Human rabies post-exposure prophylaxis: a review of the treatment of accidents involving domestic cats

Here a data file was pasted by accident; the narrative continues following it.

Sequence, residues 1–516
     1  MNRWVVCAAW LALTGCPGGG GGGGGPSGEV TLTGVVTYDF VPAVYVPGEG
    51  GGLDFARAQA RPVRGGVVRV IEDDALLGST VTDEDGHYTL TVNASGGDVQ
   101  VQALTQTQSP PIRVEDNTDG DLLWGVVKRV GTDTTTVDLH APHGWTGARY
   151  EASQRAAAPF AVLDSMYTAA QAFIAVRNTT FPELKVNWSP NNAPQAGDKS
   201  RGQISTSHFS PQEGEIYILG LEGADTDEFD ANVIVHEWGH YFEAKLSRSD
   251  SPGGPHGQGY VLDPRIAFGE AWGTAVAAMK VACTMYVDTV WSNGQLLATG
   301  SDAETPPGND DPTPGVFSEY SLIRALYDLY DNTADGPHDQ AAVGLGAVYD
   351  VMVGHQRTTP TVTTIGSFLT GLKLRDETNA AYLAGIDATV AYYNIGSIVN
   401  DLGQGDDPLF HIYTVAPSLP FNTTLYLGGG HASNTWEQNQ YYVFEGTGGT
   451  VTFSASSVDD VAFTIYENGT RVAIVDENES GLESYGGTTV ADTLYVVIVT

Rabies is an anthropozoonosis that presents approximately 100% lethality and expensive preventive assistance. Many human post-exposure anti-rabies treatments indicated for people at risk of exposure to rabies virus, usually due to some aggression by a mammalian animal, are instituted annually. This study aimed to evaluate the initial care of post-exposure prophylaxis of human rabies in Belo Horizonte between 2007 and 2016, involving accidents with domestic cats. It was found 71.1% agreement between the treatments instituted by health services and the protocol of the Ministry of Health. Treatments classified as insufficient totaled 18.3% and excessive, 10.6%. The animals were healthy in 68% and observable in 68.4% of the cases. Treatments involving the use of anti-rabies vaccine totaled 87.7%. The most frequent treatment adopted by the health services was observing the animals associated with the human anti-rabies vaccination in 56.7% of the cases. Imperfections in the filling of the notifications must be revised to enable improvements for future analyses. As for human prophylactic anti-rabies care, forming a multidisciplinary health team including veterinarians would be well on the way to improving the service offered.


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